Evaluating Active Learning Approaches for Teaching Intermediate Programming at an Early Undergraduate Level

Dhruva K. Chakravorty, Marinus "Maikel" Pennings, Honggao Liu, Zengyu "Sheldon" Wei, Dylan M. Rodriguez, Levi T. Jordan, Donald "Rick" McMullen, Noushin Ghaffari, Shaina D. Le, Derek Rodriquez, Crystal Buchanan, and Nathan Gober

Volume 10, Issue 1 (January 2019), pp. 61–66


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  author={Dhruva K. Chakravorty and Marinus "Maikel" Pennings and Honggao Liu and Zengyu "Sheldon" Wei and Dylan M. Rodriguez and Levi T. Jordan and Donald "Rick" McMullen and Noushin Ghaffari and Shaina D. Le and Derek Rodriquez and Crystal Buchanan and Nathan Gober},
  title={Evaluating Active Learning Approaches for Teaching Intermediate Programming at an Early Undergraduate Level},
  journal={The Journal of Computational Science Education},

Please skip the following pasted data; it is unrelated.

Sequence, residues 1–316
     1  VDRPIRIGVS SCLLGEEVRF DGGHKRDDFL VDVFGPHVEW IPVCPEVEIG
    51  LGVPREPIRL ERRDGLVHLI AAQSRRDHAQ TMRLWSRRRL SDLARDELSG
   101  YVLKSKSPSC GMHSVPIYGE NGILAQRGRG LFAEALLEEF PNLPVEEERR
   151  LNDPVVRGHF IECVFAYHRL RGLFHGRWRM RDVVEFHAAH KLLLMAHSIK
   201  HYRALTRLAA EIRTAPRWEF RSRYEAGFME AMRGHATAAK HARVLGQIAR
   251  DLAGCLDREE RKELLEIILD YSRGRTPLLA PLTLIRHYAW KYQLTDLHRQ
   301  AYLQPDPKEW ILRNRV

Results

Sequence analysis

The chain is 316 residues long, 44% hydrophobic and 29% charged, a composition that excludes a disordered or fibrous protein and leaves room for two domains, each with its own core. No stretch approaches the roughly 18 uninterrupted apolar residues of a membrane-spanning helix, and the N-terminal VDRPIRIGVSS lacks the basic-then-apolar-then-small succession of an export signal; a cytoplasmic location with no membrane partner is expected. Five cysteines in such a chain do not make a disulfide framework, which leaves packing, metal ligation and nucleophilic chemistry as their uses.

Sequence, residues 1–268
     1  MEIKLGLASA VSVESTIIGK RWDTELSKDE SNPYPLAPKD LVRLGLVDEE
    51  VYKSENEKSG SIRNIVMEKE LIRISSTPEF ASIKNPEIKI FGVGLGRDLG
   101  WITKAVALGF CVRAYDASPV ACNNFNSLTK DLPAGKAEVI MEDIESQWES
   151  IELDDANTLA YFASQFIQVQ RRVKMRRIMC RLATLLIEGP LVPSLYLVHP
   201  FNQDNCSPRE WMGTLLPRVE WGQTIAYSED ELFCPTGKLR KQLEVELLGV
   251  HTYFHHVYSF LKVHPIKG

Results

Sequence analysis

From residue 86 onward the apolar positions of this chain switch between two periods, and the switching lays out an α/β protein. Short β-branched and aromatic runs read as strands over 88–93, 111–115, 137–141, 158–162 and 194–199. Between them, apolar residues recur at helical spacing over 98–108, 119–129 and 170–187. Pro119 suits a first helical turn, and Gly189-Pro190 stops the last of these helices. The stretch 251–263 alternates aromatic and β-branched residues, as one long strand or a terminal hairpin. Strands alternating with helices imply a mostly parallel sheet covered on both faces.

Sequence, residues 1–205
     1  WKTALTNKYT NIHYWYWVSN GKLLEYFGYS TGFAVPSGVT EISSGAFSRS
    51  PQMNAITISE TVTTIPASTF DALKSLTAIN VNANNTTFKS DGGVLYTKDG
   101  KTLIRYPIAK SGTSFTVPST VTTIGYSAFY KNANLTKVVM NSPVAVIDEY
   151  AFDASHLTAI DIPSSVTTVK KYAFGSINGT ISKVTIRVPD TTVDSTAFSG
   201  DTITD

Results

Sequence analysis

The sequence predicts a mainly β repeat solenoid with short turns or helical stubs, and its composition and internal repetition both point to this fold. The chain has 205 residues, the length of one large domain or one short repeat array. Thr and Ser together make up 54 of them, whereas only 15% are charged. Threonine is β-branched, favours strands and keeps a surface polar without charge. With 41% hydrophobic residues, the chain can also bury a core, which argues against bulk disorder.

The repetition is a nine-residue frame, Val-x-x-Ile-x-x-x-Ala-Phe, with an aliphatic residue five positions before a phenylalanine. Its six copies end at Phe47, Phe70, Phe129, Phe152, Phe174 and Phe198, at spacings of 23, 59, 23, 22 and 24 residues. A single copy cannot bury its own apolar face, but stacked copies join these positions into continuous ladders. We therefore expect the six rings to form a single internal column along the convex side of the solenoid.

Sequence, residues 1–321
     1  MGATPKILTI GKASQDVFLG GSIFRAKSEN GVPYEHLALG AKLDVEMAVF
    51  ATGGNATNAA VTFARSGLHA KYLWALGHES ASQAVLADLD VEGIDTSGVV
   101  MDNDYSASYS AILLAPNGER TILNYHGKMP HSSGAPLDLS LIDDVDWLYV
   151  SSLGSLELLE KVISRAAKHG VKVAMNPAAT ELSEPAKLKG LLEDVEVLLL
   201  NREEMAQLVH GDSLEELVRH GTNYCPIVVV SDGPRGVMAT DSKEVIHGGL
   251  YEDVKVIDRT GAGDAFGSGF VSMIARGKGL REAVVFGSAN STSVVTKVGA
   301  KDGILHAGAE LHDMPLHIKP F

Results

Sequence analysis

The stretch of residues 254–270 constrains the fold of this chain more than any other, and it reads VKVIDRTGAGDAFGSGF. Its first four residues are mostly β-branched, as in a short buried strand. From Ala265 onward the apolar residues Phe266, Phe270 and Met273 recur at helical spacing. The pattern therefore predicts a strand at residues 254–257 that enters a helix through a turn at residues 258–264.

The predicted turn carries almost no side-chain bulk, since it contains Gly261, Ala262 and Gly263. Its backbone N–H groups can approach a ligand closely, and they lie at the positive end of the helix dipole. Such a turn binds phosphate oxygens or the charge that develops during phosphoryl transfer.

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There is a growing need to provide intermediate programming classes to STEM students early in their undergraduate careers. These efforts face significant challenges due to the varied computing skill-sets of learners, requirements of degree programs, and the absence of a common programming standard. Instructional scaffolding and active learning methods that use Python offer avenues to support students with varied learning needs. Here, we report on quantitative and qualitative outcomes from three distinct models of programming education that (i) connect coding to hands- on "maker" activities; (ii) incremental learning of computational thinking elements through guided exercises that use Jupyter Notebooks; and (iii) problem-based learning with step-wise code fragments leading to algorithmic implementation. Performance in class activities, capstone projects, in-person interviews, and participant surveys informed us about the effectiveness of these approaches on student learning. We find that students with previous coding experience were able to rely on broader skills and grasp concepts faster than students who recently attended an introductory programming session. We find that, while makerspace activities were engaging and explained basic programming concepts, they lost their appeal in complex programming scenarios. Students grasped coding concepts fastest using the Jupyter notebooks, while the problem-based learning approach was best at having students understand the core problem and create inventive means to address them.